Professor Mossman is going to be lecturing to the Classical Association next March (see 'Coming Events below). Here's a foretaste of what she might say.
MARS is a seminar series that brings together the wealth of research conducted on the ancient and medieval worlds within the Faculty of Arts and Humanities. This year’s programme (2017/18), the ninth in the series, covers topics ranging from medieval Japanese poetry to ancient baking techniques.
Unless otherwise indicated, all seminars are held at the Humanities Research Institute, Wednesdays at 5:30 pm – with refreshments from 5 pm. All welcome.
Term 1, 2017/18
4 Oct (week 2) Heather O’Donoghoe (Oxford), ‘The Icelandic Family Saga: Fact or Fiction?’
11 Oct (week 3) Sandra Wheeler (University of Central Florida), ‘Birth, Life and Death in the Desert: Bioarchaeological Perspectives on Infants and Children from a Romano-Christian Cemetery, Egypt’, Jessop West, G.03
25 Oct (week 5) 4:30pm Hella Eckardt (Reading), ‘Writing and power: the material culture of Roman literacy’
Co-Sponsored with the Sheffield Classical Association
1 Nov (week 6) Emily Reed (Eng), ‘Swearing in late-medieval Anglo French textbooks’ / Veronica Testolini (Arch), ‘Accentuating the Ordinary: Early Islamic ceramics from Sicily’
15 Nov (week 8) Hugh Willmott (Arch), ‘Recent Research at Little Carlton, a Middle Saxon ecclesiastical site in the Lincolnshire fens’
29 Nov (week 10) Paul Halstead (Arch), ‘Bread and gruel in ancient and modern Greece’
13 Dec (week 12) Eliza Hartrich (History), ‘The Politics of Record-Keeping in Medieval English and Irish Towns’
Term 2, 2017/18
7 Feb (week 1) James Cook (Music), ‘The Strange Disappearance of English Music in the Late Fifteenth Century’.
21 Feb (week 3) Heather Ellis (Education), ‘The Ancient Origins of Modern Science? Classical Knowledge in Literary and Philosophical Societies, 1780-1840’
7 March (week 5) Judith Mossman (Nottingham), ‘Plutarch and the Roman Triumph’
Co-Sponsored with the Sheffield Classical Association
21 March (week 7) Rob Heffron (Hist), ‘Ladies on show: the visibility of urban women in late antique sources’ / Mauro Rizzetto (Arch), ‘Animal economies in late Roman and early Anglo-Saxon Britain: changes in husbandry practices between the 4th and 7th centuries AD’
18 April (week 8) Maaike Groot (Arch), ‘The role of animals in rituals in the northwestern Roman provinces’
Co-Sponsored with the Hunter Archaeology Society
2 May (week 10) Thomas McAuley (East Asian Studies), “The peasants tell me this is true!”: The Role of Primary Research in Medieval Japanese Poetics”
The pictures speak for themselves: from a 1736 map of Sheffield in the City Library Archives. It shows that Latin has been taught in this city for ever! Long may that continue.
After some research this morning on her 'Google machine', Rosemary Hulse has discovered this comment, in answer to a query about Campo Lane:
In Gosling's map of Sheffield, 1736, it is called 'Camper Lane.' The same map shows the position of the old 'Latin School,' or Grammar School, and the 'Writing School.' These schools were at a very short distance from Campo Lane, and it seems probable that here the game of football was played. The Grammar School was founded in 1603. The Prompt. Parv. has Campar or pleyar at footballe, pedipilusor.' In Brinsley's Grammar Schoole: 'By this meanes also the schollars may be kept euer in their places, and hard to their labours without that running out to the Campo (as they tearme it) at school times, and the manifolde disorders thereof; as watching and striuing for the clubbe, and loytering then in the fields.'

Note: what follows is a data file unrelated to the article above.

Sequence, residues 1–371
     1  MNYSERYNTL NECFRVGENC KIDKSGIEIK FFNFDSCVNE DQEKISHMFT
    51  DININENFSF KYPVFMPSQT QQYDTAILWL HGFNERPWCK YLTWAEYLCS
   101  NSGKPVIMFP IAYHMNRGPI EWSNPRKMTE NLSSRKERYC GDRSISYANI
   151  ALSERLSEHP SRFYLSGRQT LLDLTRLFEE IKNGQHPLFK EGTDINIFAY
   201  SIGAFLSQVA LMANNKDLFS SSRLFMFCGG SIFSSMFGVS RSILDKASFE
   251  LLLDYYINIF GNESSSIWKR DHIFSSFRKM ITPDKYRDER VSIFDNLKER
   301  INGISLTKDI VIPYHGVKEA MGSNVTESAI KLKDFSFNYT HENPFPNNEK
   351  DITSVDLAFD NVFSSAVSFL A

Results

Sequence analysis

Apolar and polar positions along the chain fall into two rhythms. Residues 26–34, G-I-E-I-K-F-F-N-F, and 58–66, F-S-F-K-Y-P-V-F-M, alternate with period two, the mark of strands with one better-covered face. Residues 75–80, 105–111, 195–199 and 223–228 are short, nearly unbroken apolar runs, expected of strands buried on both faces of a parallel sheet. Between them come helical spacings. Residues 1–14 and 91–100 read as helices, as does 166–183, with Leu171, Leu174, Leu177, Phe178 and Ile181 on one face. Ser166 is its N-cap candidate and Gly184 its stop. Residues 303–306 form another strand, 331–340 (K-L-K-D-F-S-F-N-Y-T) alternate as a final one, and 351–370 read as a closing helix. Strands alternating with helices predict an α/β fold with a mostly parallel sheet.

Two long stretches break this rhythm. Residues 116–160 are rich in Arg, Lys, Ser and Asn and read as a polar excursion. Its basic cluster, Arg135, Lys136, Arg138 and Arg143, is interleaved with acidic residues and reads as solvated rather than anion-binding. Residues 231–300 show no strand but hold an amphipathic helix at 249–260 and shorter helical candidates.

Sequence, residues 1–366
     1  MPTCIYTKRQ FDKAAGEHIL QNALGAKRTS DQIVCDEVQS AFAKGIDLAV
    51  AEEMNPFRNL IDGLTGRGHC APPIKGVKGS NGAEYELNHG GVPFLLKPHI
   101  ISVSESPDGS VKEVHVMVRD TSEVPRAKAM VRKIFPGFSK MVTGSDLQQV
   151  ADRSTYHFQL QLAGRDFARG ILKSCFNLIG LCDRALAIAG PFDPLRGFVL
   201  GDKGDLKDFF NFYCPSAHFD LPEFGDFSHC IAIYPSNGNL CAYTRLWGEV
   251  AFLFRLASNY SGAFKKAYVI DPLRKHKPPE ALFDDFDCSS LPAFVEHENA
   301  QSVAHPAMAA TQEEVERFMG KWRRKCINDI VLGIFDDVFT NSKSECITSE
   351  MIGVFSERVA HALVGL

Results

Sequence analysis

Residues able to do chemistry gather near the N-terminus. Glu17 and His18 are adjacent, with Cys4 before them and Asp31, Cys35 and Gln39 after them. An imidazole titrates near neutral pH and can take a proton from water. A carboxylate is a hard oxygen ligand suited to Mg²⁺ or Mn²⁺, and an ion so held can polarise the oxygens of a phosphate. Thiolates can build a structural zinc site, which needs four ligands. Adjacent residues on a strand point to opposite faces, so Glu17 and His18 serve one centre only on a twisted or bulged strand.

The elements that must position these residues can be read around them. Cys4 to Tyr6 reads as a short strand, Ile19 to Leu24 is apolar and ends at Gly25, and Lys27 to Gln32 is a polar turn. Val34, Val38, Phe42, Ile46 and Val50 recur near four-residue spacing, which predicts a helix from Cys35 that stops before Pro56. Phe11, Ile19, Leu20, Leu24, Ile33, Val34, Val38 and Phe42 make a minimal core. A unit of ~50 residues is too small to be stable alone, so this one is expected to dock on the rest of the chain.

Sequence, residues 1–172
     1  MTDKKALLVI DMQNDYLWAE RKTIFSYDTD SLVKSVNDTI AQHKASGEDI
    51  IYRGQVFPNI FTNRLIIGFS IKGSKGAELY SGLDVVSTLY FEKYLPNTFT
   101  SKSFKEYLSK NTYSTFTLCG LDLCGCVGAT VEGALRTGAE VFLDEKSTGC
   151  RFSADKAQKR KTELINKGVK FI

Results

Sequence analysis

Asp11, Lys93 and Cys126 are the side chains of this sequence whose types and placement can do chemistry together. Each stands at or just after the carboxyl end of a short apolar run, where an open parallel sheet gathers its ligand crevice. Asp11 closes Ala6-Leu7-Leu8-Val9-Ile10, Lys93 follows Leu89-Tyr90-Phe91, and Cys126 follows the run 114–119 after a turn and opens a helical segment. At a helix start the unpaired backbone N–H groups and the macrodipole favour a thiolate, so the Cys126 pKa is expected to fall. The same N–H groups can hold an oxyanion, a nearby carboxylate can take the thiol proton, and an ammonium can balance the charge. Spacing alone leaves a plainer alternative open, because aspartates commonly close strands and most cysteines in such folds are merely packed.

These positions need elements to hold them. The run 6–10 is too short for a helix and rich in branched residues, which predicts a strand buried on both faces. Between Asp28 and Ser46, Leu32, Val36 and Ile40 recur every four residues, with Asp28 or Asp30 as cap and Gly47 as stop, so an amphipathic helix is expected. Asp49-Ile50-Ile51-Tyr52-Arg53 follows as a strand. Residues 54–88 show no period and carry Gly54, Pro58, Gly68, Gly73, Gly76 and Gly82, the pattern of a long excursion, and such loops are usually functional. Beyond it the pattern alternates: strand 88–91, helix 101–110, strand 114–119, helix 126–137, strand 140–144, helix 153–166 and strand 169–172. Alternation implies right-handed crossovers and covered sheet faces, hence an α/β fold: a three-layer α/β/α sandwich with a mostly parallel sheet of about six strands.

This very long email (click on Read More below to find out many things, including why the graphic is in French!) is from an individual who likes to be known as Avitus Gratius. He is a leading exponent of not only, reading and writing Latin but actually speaking like a real Roman! There's lots of useful information here. I'm very grateful to Mr. Nigel Coulton (who taught me Latin and Greek at school and who is now well-known as a skilled palaeographer) for passing it on. He says he's going to enrol in the classes and keep us updated. That would be very interesting to follow.
Following the success of the England women's cricket team, I wondered whether the ancient Greeks might have fielded a similarly talented side. Evidence (above) suggests that they did. Here are my selections for the team:
1. Penthesilea. A famously fast runner, but likely to fall without scoring.
2.Timycha of Sparta. Wife of Leonidas, and famous for showing courage in the face of adversity.
3. Artemisia of Caria. Secretly on the opposition's side, but an extremely talented and idiosyncratic player.
4. Sappho of Lesbos. Poet and teacher, a good solid player.
5. Aglaonike of Athens. An astronomer, she will understand how swing bowling works and thus is the wicket-keeper.
6. Cleopatra of Egypt. A drama queen, and brilliant manipulator of the new ball. Can be stung by adverse players' comments.
7. Zenobia of Palmyra. A wily, yet powerful, all-rounder. Slow left-arm.
8. Arete of Cyrene. A hedonistic philosopher; selected as captain for her cheerful optimism.
9. Aspasia of Athens. A steady all-rounder.
10. Anyte of Tegea. A poet; unlikely to score highly, but a canny spinner.
11. Hydra of Scione. Coached by her father, a brilliant swimmer. She will entertain the crowds during rain stoppages.
Gorgo of Sparta. A queen noted also as a fast runner.
Phryne of Thespiae. A courtesan who won a famous court-case by baring her breasts.
Hipparchia of Marneia. An austere philosopher who will not be swayed by loud appeals.
Hypatia of Alexandria. A famous mathematician.
Agnodice of Athens, the first known female doctor.
Theano of Croton, a mathematician to rival only Hypatia.
Thargelia of Miletus, famous for being married 14 times and a great cake-eater and pigeon-and-red-bus- fancier (I made that bit up).
Sheffield branch of the Classical Association, founded in 1920